Gov. Ritter's budget proposal includes $132 million in new revenue from closing various special interest tax provisions. There's a tax credit for a wide array of economic activity. The proposal to apply sales tax to candy and soda may get a lot of attention, but it only generates an additional $18 million a year, less than 14% of the total tax package. Other interests such as agriculture, manufacturing, enterprise zones and conservation easements are contributing more extensively than consumers with a sweet tooth.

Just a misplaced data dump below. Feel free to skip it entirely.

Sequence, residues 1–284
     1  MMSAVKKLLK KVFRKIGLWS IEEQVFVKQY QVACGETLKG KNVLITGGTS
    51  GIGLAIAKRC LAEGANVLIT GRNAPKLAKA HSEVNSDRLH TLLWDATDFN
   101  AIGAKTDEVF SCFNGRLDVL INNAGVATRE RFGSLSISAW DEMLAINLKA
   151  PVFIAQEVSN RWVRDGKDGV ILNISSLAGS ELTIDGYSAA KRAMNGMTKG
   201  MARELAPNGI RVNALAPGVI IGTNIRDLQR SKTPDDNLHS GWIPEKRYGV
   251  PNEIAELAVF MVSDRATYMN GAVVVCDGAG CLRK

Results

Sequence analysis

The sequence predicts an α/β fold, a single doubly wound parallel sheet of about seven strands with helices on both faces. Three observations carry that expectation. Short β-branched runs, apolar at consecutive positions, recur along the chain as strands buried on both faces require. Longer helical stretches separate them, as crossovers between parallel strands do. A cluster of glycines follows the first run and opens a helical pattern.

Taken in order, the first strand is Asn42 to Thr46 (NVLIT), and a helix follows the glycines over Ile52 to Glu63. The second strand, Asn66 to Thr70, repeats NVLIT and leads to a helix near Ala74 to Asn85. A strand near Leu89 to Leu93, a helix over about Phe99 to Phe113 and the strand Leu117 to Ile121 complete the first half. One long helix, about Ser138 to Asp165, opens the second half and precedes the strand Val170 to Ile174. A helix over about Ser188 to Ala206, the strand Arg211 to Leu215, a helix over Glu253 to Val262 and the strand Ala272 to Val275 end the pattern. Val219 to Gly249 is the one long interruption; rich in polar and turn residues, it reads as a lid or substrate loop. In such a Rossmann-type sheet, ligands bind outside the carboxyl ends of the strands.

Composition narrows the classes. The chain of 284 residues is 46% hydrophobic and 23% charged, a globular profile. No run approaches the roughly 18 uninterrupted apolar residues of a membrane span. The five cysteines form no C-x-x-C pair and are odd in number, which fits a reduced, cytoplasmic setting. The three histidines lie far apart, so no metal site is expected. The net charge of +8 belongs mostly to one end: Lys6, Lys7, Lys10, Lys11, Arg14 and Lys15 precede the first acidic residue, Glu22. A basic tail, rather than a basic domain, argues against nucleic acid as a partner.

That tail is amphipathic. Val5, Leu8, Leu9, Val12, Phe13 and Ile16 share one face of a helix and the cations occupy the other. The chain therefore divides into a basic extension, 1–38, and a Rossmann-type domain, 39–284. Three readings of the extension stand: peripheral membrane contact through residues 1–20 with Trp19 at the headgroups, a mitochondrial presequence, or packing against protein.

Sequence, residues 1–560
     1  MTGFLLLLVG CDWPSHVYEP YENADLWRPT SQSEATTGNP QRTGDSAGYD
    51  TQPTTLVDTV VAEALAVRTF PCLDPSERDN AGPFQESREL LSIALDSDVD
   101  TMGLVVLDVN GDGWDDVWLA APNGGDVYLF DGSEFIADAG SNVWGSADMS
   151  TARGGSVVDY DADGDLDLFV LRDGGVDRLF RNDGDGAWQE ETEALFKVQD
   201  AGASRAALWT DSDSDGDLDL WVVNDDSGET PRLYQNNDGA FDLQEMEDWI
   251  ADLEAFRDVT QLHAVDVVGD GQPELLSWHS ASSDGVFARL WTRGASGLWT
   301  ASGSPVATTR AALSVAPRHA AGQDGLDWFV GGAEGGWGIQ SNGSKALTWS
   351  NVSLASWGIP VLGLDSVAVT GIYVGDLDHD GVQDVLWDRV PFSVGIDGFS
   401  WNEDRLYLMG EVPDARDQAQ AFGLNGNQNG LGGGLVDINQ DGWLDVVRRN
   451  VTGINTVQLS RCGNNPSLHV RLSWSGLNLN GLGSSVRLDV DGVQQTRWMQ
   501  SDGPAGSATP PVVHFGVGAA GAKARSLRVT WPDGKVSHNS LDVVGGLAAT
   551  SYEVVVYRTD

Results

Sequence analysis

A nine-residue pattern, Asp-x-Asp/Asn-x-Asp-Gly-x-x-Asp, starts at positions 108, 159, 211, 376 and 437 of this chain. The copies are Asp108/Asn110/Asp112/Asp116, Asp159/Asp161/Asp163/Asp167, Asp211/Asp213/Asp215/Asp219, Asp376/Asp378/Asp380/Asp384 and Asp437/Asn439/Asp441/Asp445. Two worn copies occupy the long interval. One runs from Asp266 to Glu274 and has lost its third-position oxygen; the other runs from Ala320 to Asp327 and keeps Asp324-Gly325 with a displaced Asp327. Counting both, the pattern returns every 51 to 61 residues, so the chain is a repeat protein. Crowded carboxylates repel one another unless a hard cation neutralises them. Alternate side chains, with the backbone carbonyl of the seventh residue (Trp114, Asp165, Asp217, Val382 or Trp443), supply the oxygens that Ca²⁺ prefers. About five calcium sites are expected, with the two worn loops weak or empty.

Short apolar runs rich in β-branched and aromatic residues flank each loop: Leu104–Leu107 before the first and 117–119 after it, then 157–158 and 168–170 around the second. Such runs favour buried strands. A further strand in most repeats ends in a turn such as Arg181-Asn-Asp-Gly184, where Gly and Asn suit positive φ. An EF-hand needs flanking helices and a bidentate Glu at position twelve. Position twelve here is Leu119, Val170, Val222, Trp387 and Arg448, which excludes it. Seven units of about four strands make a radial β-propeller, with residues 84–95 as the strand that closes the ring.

We need to take a thorough look at Colorado's tax code. One of the consequences of TABOR that people don't talk about much is the way it's forced us to debate the minutiae of tax policy rather than consider the big picture. We vote on one tax at a time, each ear-marked for a certain cause with the hope that taxpayers are feeling generous on that particular Election Day. Our tax code is riddled with strings and loopholes. We can suspend or eliminate credits and exemptions, but we ought to do a whole lot more.